Historically, reaching the .500 plateau has never been cause to break out the bubbly and have street dancing break out in Planet Orange. And indeed, there were no streamers and balloons floating down from the ceiling at US Airways Center when the final horn sounded in the victory over the Warriors that brought the team back to that level for the first time since December 19th.
But put it in proper context (i.e. where the Suns were just a few short weeks ago), there is cause for at least a few attaboys for what symbolically at least signifies a wiping the slate of all the woe and raising the prospects for a bright future.
In case you’ve forgotten the vis-à-vis, it wasn’t that long ago that even some of the Planet’s most solid citizens were moaning that the ship be sinking. And those were the optimists! The pessimists were wailing it was sunk.
Now the Suns are on a 10-4 roll that has not only brought them back to .500, but also moved them within two games in the loss column of the sixth slot in the Western Conference playoff picture. And of the three teams ahead of them, Utah has just changed coaches, the Blazers are banged up, and the Nuggets are in the midst of a Melo-drama that bodes them no good however it comes out.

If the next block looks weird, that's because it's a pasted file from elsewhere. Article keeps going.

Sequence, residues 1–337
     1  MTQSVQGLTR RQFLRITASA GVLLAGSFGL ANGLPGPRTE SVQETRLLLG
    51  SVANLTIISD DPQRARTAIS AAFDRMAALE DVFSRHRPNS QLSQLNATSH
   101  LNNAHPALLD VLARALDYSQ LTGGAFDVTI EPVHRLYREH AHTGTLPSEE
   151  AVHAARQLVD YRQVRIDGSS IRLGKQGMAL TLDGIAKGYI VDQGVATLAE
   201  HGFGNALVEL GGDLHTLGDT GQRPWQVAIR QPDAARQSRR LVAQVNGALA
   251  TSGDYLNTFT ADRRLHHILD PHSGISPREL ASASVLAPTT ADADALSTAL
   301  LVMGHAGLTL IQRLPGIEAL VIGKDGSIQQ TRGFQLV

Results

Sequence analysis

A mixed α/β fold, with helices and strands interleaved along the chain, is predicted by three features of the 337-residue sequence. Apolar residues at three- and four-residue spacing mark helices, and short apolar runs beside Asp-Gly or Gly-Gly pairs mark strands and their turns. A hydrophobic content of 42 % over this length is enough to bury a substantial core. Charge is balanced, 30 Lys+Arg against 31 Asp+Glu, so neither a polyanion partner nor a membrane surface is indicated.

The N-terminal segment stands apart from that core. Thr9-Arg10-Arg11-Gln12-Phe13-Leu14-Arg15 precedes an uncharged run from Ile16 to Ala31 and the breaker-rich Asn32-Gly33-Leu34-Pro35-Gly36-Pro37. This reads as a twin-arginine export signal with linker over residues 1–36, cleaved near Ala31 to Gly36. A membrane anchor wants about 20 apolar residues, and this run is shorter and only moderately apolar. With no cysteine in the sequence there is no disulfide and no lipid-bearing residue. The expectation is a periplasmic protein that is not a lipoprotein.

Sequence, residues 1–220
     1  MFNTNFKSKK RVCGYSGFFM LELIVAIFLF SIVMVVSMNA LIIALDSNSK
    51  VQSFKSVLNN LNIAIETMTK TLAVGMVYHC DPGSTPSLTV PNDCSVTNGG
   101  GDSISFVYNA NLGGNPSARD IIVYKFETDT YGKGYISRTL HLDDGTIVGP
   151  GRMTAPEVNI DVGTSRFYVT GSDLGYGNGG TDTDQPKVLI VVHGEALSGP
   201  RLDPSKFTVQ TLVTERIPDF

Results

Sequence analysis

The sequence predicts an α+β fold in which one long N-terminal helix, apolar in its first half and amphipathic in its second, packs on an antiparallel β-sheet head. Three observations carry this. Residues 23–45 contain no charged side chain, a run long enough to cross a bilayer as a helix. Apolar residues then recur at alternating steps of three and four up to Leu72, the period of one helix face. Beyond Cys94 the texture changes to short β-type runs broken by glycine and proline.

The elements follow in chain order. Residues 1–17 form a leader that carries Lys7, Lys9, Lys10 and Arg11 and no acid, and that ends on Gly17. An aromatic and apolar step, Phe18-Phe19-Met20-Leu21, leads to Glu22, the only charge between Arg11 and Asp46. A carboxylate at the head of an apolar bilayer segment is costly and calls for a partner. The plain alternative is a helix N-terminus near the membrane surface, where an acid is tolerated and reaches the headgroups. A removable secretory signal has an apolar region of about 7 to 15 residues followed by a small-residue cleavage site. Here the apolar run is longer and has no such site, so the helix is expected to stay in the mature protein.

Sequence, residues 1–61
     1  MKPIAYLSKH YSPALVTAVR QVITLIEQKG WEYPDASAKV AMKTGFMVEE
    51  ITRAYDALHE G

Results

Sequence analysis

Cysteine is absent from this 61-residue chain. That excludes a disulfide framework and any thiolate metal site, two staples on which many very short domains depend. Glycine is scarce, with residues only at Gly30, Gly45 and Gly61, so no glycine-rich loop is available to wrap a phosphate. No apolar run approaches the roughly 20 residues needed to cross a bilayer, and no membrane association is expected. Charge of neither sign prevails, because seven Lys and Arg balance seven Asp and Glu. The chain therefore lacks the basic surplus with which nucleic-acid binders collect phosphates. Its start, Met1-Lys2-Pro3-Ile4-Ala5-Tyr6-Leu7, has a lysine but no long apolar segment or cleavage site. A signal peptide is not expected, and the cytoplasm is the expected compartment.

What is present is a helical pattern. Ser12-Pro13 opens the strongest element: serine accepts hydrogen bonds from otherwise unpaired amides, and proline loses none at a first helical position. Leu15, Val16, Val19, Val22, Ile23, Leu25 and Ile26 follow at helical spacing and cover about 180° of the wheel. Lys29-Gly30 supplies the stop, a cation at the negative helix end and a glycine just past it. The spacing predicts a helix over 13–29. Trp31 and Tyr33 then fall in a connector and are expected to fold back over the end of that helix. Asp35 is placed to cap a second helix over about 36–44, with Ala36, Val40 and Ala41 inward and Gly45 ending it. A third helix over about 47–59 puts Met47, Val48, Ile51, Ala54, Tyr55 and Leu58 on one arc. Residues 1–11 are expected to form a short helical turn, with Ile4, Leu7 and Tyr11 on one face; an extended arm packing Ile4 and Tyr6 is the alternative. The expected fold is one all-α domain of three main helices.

In fact, with the notable exceptions of San Antonio and Dallas nobody in the West has been more impressive the last three weeks than the Suns. And who’d a-thunk that this time last month? Nobody, that’s who!
Well, ALMOST nobody. The management, coaches, and players have insisted all along things would eventually come together, and all of the above deserve high marks for keeping their eye on the doughnut and not upon the hole.
To survive a pre-season revamp of the squad that reached the Western Finals last year, followed by an in-season revamp of the pre-season revamp, and a series of embarrassing defeats that had people talking lottery and demanding that somebody be fired (actually almost everybody) took some tall doing.
Or more specifically, it took a solid effort by an underrated coaching staff, and the justly acclaimed veteran leadership of Steve Nash and Grant Hill to keep everything from going where it could very easily have — namely due South. And give the much maligned (not always unjustly) management props for the deal with Orlando that brought the team such much needed muscle.
This is not to suggest the team is all the way back to where it was at the end of last season, mind you. But it’s closer than anybody would have imagined a month ago. And the suspicion here that that before it’s over, it’s going to be even closer.